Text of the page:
The next event on Lake Superior to get better while having fun, next co-ed event anyhow, is the brand spankin' new Bayfield Paddle Rally in the Apostle Islands National Lakeshore.  It's the weekend after Labor Day with great coaches and a fair amount of the chow included.  The Fat Radish in Bayfield will be catering the event and trust me folks, that's a very good thing.  My buddies at Trek & Trail decided it's time for a paddle event again in the Apostle Islands area with the last one being the Gales event, hamstrung a bit by a ridiculous government shutdown at the time.  One of the reasons the Apostles is a world class paddling destination is that the island group always seems to offer a lee to paddle in.  Plan B, C, & D are usually available to ger on the water no matter the wind direction and the scenery never disappoints.  Here's the other little secret that I hesitate to even mention.  It is absolutely the best time of the year to visit Lake Superior.  The water is about as warm as it's going to get, the bugs have all surrendered, the three day blows which can strand you on an island don't start until about three weeks later, and.....the best part....the crowds have disappeared.  We have done a Fall trip with some cronies since 2000.  It always starts the Tuesday after Labor Day and usually lasts a week.  The Apostles, Silver Islet, Rossport, the Slates, Lake Superior Provincal park, it really makes no difference.  The most people we've seen during this trip,  including power boats, is six.  For the week.  The hot ticket for the Bayfield Paddle Rally in my humble opinion would be to tack a 3-4 day island camping trip on to either end of the event.  Or camp at one of the excellent campgrounds in the area, Thompson West End in Washburn, Dalyrymple in Bayfield, or Town of Russel at Little Sand Bay, and do day trips.  Excellent motels and B&B's in the area and you can get a room that week, trust me. The weather is typically cooperative as well.  The key, now that we are all in mid season paddle form, would be to get the registration in and booked.  While late entries always seem to be accomodated it is indeed a PITA.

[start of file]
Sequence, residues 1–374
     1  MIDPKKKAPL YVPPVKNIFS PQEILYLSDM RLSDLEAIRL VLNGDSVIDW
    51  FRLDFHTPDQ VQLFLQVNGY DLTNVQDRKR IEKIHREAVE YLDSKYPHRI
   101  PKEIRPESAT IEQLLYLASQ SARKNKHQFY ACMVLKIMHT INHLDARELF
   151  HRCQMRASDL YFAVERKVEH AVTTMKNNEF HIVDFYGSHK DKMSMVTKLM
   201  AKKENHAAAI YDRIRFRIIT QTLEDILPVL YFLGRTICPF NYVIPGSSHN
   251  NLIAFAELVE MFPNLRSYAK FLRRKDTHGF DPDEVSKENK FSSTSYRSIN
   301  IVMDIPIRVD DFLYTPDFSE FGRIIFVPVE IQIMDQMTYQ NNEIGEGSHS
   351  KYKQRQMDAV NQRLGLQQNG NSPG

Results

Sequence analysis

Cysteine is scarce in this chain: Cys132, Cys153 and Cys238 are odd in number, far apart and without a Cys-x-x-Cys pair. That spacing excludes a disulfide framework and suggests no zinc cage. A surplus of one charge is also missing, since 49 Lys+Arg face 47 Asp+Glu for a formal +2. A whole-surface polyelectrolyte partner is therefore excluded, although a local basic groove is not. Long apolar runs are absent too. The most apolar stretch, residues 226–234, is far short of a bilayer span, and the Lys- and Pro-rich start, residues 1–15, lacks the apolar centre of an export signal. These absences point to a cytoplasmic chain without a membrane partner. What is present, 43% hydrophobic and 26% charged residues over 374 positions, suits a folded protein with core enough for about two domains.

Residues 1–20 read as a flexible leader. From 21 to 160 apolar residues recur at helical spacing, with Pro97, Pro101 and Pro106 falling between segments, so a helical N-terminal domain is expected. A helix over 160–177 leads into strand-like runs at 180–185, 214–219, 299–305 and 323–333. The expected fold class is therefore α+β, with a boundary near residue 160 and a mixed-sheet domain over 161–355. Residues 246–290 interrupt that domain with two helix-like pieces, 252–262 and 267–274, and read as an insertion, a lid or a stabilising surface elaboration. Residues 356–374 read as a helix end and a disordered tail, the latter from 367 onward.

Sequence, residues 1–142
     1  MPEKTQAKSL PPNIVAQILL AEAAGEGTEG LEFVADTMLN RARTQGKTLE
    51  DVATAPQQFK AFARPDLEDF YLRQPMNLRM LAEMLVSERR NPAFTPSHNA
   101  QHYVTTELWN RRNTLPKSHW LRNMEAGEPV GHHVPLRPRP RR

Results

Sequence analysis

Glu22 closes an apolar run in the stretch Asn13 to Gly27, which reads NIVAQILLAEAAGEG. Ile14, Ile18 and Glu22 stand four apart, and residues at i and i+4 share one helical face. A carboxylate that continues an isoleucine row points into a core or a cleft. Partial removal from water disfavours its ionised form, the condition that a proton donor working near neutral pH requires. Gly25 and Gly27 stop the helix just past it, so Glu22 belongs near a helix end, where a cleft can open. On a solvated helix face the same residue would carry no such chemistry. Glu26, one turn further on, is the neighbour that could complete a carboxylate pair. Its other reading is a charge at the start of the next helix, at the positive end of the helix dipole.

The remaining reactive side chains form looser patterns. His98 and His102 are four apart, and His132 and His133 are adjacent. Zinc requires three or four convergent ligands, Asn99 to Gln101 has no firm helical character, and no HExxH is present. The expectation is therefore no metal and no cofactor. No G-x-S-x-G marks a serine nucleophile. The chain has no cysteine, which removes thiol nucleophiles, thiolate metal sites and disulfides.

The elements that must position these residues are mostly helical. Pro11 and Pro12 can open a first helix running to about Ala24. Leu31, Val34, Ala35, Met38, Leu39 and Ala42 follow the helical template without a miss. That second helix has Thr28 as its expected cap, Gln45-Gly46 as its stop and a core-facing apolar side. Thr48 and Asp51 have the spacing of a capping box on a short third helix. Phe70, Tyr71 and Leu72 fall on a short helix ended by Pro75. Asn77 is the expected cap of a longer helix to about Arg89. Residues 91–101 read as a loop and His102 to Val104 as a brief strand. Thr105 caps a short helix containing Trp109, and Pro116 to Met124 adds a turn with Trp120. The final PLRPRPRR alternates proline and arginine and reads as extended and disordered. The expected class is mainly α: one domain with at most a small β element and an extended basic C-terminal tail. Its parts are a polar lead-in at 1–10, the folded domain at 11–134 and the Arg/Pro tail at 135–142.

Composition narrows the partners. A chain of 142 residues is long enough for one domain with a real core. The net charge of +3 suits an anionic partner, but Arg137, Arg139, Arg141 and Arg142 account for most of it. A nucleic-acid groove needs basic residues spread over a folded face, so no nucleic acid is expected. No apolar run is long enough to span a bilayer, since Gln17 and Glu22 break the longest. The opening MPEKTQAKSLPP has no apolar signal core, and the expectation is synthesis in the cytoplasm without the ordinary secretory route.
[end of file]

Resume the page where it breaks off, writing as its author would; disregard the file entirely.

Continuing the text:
One more unique kayak opportunity in the Apostles.  Safety boat for the Point to LaPointe Open Water Swim coming up on Saturday 6 August.  Safety boat volunteers get a nice T shirt, a $25, gas card from the IGA, and breakfast on the island before heading back to Bayfield.   Just email Scott Armstrong,, and he will get you hooked up.  The start is spectacular, the finish line is joyous, and you might even get to nudge a swimmer back on line with your paddle as they resolutely head for Basswood instead of Madeline Island.

We hope to see lots of long skinny boats up in the Apostles in the next couple months.

Tuesday, June 28, 2016

Return to the Slate Islands - Lake reasserts Boss status

 It's time to get back in the groove with the TLITB blog, especially since I can now see the Boss from my window and am about 95% retired.  I am not sure if the lack of posts was due to the chaos with moving, disengagement from work, or the sheer laziness of throwing two lines and a picture up on Facebook.  In any event it's time for a bit of extended writing.

Way back in April our friend Rick, a guy who paddled all the way around Lake Superior on the two weeks a year, 11 years plan, suggested a trip to the Slate Islands in far northern Canadian shore of Gitchee Gumee.  Wife Kathy jumped on it immediately, the VoiceOfReason quickly weighing the pros of revisiting one of our favorite spots on the lake.  DaveG, a man of no small amount of outdoor experience himself, jumped at the chance to round out the foursome.  We got things dialed in, filed a formal float plan, and headed to Terrace Bay.  Little did we know that Lake Superior and the Slates would be tossing us a few Bert Blyleven quality curveballs.